The process of coaching is complex, it is both an individual and social construct (Cushion et al, 2003), with a multifaceted mix of meanings, values and practices. In part, this is because humans are inherently different, they participate in sport for a myriad of reasons, exhibiting behaviours and traits that are driven by their individual complex psyche. This can equally be applied to coaches, why is your coach a “coach”? Do you have an understanding of their motives, philosophy or training principles? Do you care? As a coach I hope you do.

Athletes face a challenging pathway in their pursuit of peak performance, this includes countless hours of training, rehabilitation from injuries, the stress and anxiety of training, competition and life, and external social factors. To be successful, the coach needs to have an understanding of why some athletes perform when others do not, and why some athletes are motivated to achieve, whereas others are motivated by the fear of failure. The inner workings of the athlete is crucial for the coach to understand, and develop a framework for recognising why athletes make the decisions and exhibit the traits and behaviours they do.

Encouraging and supporting athletes to act, think and behave in a certain way is the responsibility of the coach; a very challenging undertaking. Thus, the development of a strong coaching philosophy, and understanding the personality, emotional and motivational processes of each athlete in their care is pivotal to the ability to be able to positively influence them.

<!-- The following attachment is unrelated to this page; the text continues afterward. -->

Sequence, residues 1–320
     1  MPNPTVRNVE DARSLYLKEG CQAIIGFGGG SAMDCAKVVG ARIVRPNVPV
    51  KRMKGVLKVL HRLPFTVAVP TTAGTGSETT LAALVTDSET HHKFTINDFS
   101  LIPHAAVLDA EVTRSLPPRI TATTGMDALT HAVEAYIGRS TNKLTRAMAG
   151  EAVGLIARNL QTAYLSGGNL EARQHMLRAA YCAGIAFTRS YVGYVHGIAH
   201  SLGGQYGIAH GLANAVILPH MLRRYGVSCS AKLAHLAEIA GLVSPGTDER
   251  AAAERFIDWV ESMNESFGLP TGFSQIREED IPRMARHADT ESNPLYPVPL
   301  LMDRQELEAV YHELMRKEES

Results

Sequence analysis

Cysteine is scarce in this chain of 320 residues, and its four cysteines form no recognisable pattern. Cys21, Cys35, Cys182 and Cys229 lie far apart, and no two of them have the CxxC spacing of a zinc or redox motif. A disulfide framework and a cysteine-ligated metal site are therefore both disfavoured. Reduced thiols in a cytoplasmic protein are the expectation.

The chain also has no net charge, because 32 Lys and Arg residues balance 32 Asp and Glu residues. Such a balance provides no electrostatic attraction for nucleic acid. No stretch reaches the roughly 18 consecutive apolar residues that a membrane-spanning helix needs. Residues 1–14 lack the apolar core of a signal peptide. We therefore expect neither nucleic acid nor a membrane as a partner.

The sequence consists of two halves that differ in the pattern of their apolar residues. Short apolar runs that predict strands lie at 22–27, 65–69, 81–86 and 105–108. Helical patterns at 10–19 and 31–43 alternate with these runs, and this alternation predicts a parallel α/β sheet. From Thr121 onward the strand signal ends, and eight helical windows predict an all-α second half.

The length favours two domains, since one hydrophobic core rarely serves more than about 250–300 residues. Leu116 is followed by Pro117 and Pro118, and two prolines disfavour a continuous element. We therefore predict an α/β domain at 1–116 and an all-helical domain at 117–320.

The coach is the provider and interpreter of the sporting experience, and accordingly the coaches’ philosophical beliefs are fundamental to the climate they create (Collins, 2011). The coaching philosophy is a model of beliefs, values and approaches that reflect the way in which the coach practices his trade, it is complex and dynamic system that is continually evolving. Through experience and learning coaches evolve, and gradually develop a greater understanding of what they stand for, and how they forge their athletes to better prepare them for the battle of competition or self-improvement.

There are many coaches out there who see this as a bit of waffle, and place not merit upon the development of their own training philosophy, but without this important foundation how can they truly develop. We have all seen those coaches out there who jump from fad to fad after read of a training set, or some new training component, placing little thought into how it fits within their overall philosophy or the long-term development of their athlete. It is these coaches who fail to engage with the philosophic concept, who do not grasp its relevance nor its ability to clarify practical problems.

 

“A coaching philosophy is a set of values and behaviours that serve to guide the actions of a coach.” – (Wilcox & Trudel, 1998)

A coach’s philosophy is so much more than the motherhood statement that so many sprout, little account is taken for context or constraints in these declarations, resulting in a lack of credibility and flexibility to be truly functional. Recent research with some elite coaches and their subsequent coaching philosophies by Saury and Durand (1998), indicated an acute awareness of the need to remain flexible in practice, thus maintaining the ability to adapt to changing circumstances. However this does not mean that these coaches act without principle or guiding ideologies, these coaches require a level of flexibility based on a continuous step by step tuning to the sporting and athlete context, which is embedded in deep knowledge and commitment to an established framework of behaviour.